I updated my will recently because I was worried that, at some point in 2015, I would literally have a stroke or a heart attack or something and drop dead on the spot from watching Evan Gattis play left field for the Atlanta Braves. Now, it seems, I do not have to worry. David O’Brien of the Atlanta Journal-Constitution reports that the Braves have traded Gattis to the Houston Astros for a “trio of prospects.” Joel Sherman reports that that trio is Michael Foltynewicz, Rio Ruiz and Andrew Thurman.
Gattis is obviously a beast in the power department. He hit.263/.317/.493 with 22 homers in 401 plate appearances last year, but he is certainly an all-or-nothing hitter, striking out 97 times. He also has some defensive liabilities, especially if he’s asked to do anything but catch. The Astros could DH him. Or, depending on what they think about his framing abilities — which are supposed to be good — as opposed to his overall receiving and ability to throw out baserunners — not great — could have him catch some as well. Still: he’s a bat first and foremost.
As for the package the Braves are getting in return, Foltynewicz, a right-hander, was the Astros’ first rounder in 2010. He’s 23-years-old and last year spent his first time in Triple-A, where he posted a 7-7 record and an ERA of 5.08. He also had a cup of coffee with the big club. The Astros’ fourth overall prospect before 2014, he strikes out guys at a decent clip and had a chance to compete for a slot in Houston’s rotation this season.
Ruiz is a third baseman who hit .293/.387/.436 in high-A-ball last year. He showed mostly doubles power, but he’s also only 20-years-old. If the power develops and he can stick at third base defensively, he profiles as a nice prospect.
Thurman, also a right-hander, just turned 23. He was a second rounder in 2013 from U-C Irvine. He posted fairly unimpressive numbers in A-ball.
A power infusion for the Astros. A couple of building blocks for the future for the Braves. Instant reaction: seems like a good deal for Atlanta if, for no other reason, than it keeps Gattis from playing left field.
I have no idea what the question was that led to this or whether it even was couched in Dave Stewart’s comments about “True Baseball Teams” who don’t emphasize analytics, but I am going to choose to believe that this is Don Mattingly responding to Stewart, thereby stoking an already kinda fun Dodgers-Dbacks rivalry:
Question: do “True Baseball Teams” have pools behind the outfield fence?
That’s pretty much the whole story. But you can read the details about it here.
I link this because I’m put in mind of that feature story from last year about Chapman sort of lazing around his house, smoking Marlboros, sleeping until the afternoon while his family sits around waiting for him to come downstairs and, like, eating a sandwich and sitting by the pool.
And then I wonder what part of the day it hit him “hey, I’m going to give that volleyball team a locker room.”
ESPN has announced its Opening Day quadruple header lineup and its early season Sunday Night Baseball matchups. To wit:
People will, as usual, complaint about all of the New York and Boston. To which I say: “meh.” TV stations are in the business of getting ratings. This is what they would do.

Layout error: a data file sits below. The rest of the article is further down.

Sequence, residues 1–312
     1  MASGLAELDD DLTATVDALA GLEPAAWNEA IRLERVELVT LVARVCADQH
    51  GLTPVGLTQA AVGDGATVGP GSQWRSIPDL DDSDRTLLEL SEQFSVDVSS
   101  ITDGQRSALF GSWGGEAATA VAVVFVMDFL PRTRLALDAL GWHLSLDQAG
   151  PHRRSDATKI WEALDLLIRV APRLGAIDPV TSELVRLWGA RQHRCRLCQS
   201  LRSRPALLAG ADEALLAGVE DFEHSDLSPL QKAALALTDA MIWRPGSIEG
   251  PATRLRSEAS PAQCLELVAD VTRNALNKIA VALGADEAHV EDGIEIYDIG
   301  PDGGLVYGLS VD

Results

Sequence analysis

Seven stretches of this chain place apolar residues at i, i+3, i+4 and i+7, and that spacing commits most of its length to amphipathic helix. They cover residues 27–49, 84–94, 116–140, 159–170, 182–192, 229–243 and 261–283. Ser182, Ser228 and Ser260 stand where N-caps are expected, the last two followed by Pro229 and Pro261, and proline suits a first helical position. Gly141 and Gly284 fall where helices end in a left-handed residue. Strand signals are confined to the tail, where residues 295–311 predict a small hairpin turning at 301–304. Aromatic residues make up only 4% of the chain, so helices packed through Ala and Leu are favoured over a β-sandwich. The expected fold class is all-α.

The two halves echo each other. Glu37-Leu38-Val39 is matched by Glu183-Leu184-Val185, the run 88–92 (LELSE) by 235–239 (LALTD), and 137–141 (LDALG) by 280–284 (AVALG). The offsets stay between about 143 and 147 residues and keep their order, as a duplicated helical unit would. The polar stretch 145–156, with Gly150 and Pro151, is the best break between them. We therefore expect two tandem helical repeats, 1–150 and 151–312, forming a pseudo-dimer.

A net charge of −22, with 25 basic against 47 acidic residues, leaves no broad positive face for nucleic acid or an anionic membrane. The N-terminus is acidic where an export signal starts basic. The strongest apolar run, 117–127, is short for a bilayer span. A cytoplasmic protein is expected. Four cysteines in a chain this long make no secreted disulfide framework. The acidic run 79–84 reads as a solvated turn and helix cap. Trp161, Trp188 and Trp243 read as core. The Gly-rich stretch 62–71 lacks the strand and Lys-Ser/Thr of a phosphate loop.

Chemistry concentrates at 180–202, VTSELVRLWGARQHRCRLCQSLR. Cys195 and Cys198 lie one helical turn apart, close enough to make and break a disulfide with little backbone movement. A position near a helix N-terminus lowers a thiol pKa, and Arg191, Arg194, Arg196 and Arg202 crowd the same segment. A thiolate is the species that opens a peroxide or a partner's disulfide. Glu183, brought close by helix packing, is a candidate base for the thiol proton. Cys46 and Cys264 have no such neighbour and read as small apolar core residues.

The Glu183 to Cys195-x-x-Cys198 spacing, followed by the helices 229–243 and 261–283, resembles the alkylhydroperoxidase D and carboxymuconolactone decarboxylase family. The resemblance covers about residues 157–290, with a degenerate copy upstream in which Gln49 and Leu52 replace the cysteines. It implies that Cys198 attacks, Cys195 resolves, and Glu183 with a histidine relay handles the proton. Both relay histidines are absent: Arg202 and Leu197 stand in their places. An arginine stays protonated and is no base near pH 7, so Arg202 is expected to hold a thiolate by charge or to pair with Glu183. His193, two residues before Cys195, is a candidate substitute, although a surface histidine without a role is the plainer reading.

Besides, Sunday Night Baseball has become all but unwatchable anyway. It features a three-man booth which, Dan Shulman’s workmanlike service notwithstanding, is always a distraction as 50% more voices than usual compete to provide insight that, most of the time, isn’t really necessary. And to better justify their presence they go off on tangents that have nothing to do with the game at hand. Quite often, actually. When they do talk about the game at hand they provide generalities and sometimes even misinformation about the players and teams involved. I’m sure John Kruk is a nice man, but preparation to analyze the parts of a baseball game we non-players may not immediately see is not his strong suit.
But then again, ESPN doesn’t treat Sunday Night Baseball like any other baseball game. They treat it as the weekly Baseball Show, and gobble up all kinds of time talking about events and news stories we’ve all been talking about for several days. They do things like interview managers in the dugout in the middle of the game. The typical Sunday Night Baseball broadcast does not act as if the game is just one of 15 that happened that day and one of 100 or so that happened that week. And for this reason most of what the broadcast chooses to emphasize is an unnecessary distraction.
Which is a shame given their technical production values and the huge platform ESPN provides. Just think what Sunday Night Baseball could be like if everything that is good about televised baseball were present there and so much of what is bad was not.
So, beef all you want about the Yankees and Red Sox dominating the schedule. It’s of relatively small concern in my view.
Mark Armour and Dan Levitt have written a book: In Pursuit of Pennants, which examines how front offices have historically found innovative ways to build winning teams. In support of that, they are counting down the top-25 GMs of all time over at their blog. Since it’s slow season, I’m going to continue linking to the countdown as it’s great stuff we rarely read about in the normal course.
John Hart is driving me crazy. I have no idea what the Braves’ plan is this offseason. I get maybe re-jiggering to be competitive in a couple of years, but I don’t get how signing Nick Markakis fits into that or why, if the Braves are experimenting, they don’t keep Kris Medlen around to see if he can bounce back. I don’t know why anyone thinks it’s a good idea for Evan Gattis to play in the outfield.
But maybe John Hart is smarter about how to build a baseball team than I am! It’s possible! He’s done it before! And as Mark Armour and Dan Levitt argue today, only 22 guys have done it better than Hart has.